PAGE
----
Key features of the Observer pattern:

  • Publish-subscribe model: Objects can subscribe to receive notifications.
  • Loose coupling: Objects are decoupled from one another and only depend on a common interface.

The Observer pattern is widely used in event-driven architectures and user interface frameworks, where changes in one object need to be propagated to multiple dependent objects.

Strategy Pattern

The Strategy pattern encapsulates interchangeable algorithms within a family and enables clients to switch between different strategies dynamically. It promotes flexibility and allows the algorithms to vary independently from clients that use them.

Key features of the Strategy pattern:

  • Interchangeable algorithms: The pattern encapsulates different algorithms and makes them interchangeable.
  • Runtime strategy selection: Clients can switch strategies dynamically.

The Strategy pattern is useful when multiple algorithms are available to solve a problem, and the choice of an algorithm depends on runtime conditions or client preferences.

Chain of Responsibility Pattern

The Chain of Responsibility pattern creates a chain of objects to handle a request, giving each object in the chain the opportunity to handle the request or pass it to the next object in the chain. It decouples senders and receivers, providing flexibility in dynamically assigning responsibilities.

Key features of the Chain of Responsibility pattern:

  • Request handling chain: Objects form a chain to handle requests.
  • Flexible assignment of responsibilities: Responsibilities can be dynamically assigned.

The Chain of Responsibility pattern is effective when multiple objects can handle a request, and the exact object that handles the request is determined at runtime.

Architectural Patterns

Architectural patterns provide guidelines for organizing the structure and relationships of components in a system, ensuring scalability, maintainability, and reusability.

Model-View-Controller (MVC) Pattern

The Model-View-Controller (MVC) pattern separates an application into three interconnected components: the model, the view, and the controller. It provides a clear separation of concerns, making the application more modular and easier to maintain.

Key features of the MVC pattern:

  • Separation of concerns: The pattern separates the responsibilities of data management (model), user interface (view), and user input handling (controller).
  • Flexibility and reusability: Components can be modified or replaced independently.

The MVC pattern is widely used in web applications and graphical user interfaces, enabling developers to create maintainable and scalable applications.

Model-View-ViewModel (MVVM) Pattern

The Model-View-ViewModel (MVVM) pattern is an evolution of the MVC pattern, specifically designed for modern user interfaces. It introduces a ViewModel layer, allowing for a more streamlined data flow between the model and the view.

Key features of the MVVM pattern:

  • Two-way data binding: Changes in the view are automatically propagated to the ViewModel, and updates in the ViewModel are automatically reflected in the view.
  • Separation of concerns: The pattern separates the responsibilities of data management (model), user interface (view), and data manipulation (viewModel).

The MVVM pattern is commonly used in frameworks like Angular and Knockout.js, facilitating the development of rich and responsive user interfaces.

Layered Architecture Pattern

The Layered Architecture pattern divides an application into different layers, each responsible for a specific set of functionalities. It promotes separation of concerns, modularization, and maintainability by enforcing a hierarchical structure.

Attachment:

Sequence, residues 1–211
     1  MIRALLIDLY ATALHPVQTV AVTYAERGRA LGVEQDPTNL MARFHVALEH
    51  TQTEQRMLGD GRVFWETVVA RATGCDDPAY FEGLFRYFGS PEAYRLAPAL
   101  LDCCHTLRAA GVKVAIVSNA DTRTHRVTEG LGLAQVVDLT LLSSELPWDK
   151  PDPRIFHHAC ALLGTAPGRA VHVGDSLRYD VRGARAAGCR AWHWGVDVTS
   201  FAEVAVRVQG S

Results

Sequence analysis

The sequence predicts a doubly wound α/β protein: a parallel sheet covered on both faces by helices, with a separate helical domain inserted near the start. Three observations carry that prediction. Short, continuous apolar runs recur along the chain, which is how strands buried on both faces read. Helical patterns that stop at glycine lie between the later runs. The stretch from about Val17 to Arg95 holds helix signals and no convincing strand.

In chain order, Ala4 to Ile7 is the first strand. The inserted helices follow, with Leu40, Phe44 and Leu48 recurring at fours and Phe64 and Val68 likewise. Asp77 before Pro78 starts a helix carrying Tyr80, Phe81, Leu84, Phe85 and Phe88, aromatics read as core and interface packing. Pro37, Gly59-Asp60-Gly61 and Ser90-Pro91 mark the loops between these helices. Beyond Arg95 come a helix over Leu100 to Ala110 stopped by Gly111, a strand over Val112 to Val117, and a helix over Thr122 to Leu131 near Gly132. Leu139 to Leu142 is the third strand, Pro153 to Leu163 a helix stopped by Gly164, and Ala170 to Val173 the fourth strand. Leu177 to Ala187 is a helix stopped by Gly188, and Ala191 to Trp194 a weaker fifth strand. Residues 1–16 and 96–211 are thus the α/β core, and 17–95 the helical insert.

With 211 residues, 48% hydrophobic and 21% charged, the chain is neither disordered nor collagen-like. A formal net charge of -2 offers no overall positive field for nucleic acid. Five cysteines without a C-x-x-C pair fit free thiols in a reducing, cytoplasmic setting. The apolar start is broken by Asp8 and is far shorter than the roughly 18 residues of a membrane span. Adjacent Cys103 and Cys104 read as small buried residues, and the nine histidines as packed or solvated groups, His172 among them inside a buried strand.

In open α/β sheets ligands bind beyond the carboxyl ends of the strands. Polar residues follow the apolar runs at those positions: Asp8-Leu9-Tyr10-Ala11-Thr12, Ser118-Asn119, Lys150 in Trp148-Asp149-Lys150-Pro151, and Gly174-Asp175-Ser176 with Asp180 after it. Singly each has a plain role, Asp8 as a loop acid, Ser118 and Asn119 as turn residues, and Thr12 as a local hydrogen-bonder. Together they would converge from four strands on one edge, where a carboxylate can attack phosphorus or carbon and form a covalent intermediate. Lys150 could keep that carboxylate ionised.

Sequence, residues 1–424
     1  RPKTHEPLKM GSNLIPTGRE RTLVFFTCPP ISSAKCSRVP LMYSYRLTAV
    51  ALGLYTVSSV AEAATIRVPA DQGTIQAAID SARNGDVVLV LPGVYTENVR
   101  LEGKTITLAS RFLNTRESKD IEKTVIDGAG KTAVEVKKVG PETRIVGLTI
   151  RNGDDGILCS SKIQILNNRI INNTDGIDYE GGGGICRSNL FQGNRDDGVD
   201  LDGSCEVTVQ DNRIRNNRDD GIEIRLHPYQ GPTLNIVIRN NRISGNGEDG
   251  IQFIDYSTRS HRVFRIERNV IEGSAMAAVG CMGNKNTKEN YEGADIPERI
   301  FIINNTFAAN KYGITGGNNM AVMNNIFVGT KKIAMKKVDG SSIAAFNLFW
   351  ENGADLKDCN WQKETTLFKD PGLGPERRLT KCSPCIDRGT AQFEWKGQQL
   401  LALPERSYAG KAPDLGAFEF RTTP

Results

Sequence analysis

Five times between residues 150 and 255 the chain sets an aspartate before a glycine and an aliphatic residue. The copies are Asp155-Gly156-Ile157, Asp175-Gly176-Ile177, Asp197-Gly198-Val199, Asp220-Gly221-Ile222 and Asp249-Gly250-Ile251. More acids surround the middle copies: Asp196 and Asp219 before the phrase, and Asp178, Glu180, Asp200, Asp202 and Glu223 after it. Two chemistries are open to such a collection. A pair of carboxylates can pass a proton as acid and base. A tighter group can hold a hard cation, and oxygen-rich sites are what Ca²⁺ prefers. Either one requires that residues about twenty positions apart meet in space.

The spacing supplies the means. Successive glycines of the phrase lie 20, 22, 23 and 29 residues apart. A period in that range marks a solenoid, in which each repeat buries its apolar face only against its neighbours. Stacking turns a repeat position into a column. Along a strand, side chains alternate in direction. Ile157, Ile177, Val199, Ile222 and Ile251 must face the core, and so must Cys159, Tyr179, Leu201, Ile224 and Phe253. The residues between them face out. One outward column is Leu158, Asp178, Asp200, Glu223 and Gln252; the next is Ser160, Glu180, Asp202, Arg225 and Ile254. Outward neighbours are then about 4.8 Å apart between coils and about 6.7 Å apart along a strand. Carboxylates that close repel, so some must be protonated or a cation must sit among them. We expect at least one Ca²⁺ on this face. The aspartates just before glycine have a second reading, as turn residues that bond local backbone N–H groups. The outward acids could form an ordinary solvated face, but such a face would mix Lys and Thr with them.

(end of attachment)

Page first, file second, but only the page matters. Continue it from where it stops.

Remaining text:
Key features of the Layered Architecture pattern:

  • Hierarchical structure: The application is divided into layers, each with its own responsibilities.
  • Modularity and maintainability: Components within layers can be modified or replaced independently.

The Layered Architecture pattern is widely adopted in enterprise applications, where clear separation of concerns and scalability are crucial.

FAQ

What are the 3 types of patterns?

The three types of patterns used in software design are:

  1. Creational Patterns: These patterns focus on object creation mechanisms, providing flexibility in creating objects while hiding the creation logic.
  2. Structural Patterns: Structural patterns focus on composing objects and classes into larger structures while keeping the structures flexible and efficient.
  3. Behavioral Patterns: Behavioral patterns focus on communication between objects and how they interact and distribute responsibilities.

What are the four essential elements of a design pattern?

The four essential elements of a design pattern are:

  1. Pattern Name: A descriptive name that identifies and categorizes the pattern.
  2. Problem: A clear description of the problem the pattern aims to solve.
  3. Solution: A description of the solution and how it solves the problem.
  4. Consequences: The benefits, trade-offs, and potential side-effects of using the pattern.

How many types of design patterns are there?

There are 23 widely recognized design patterns categorized into four types: creational patterns, structural patterns, behavioral patterns, and architectural patterns. Each type serves a specific purpose and provides guidance for addressing different aspects of software design.

Quick Tips and Facts

  • Design patterns help solve common problems in software development and promote reusable and maintainable code.
  • Each design pattern has its own specific purpose and use cases.
  • Understanding and applying design patterns improves code quality and scalability.
  • Design patterns are not limited to specific programming languages and can be implemented in various contexts.

Now that you have a better understanding of the four main types of design patterns, you can apply them to your own software development projects. Remember, design patterns are tools that assist in solving common problems and improving the quality of your code. Experiment, practice, and continuously learn to become a master of design patterns.

Jacob
Jacob

Jacob is a software engineer with over 2 decades of experience in the field. His experience ranges from working in fortune 500 retailers, to software startups as diverse as the the medical or gaming industries. He has full stack experience and has even developed a number of successful mobile apps and games.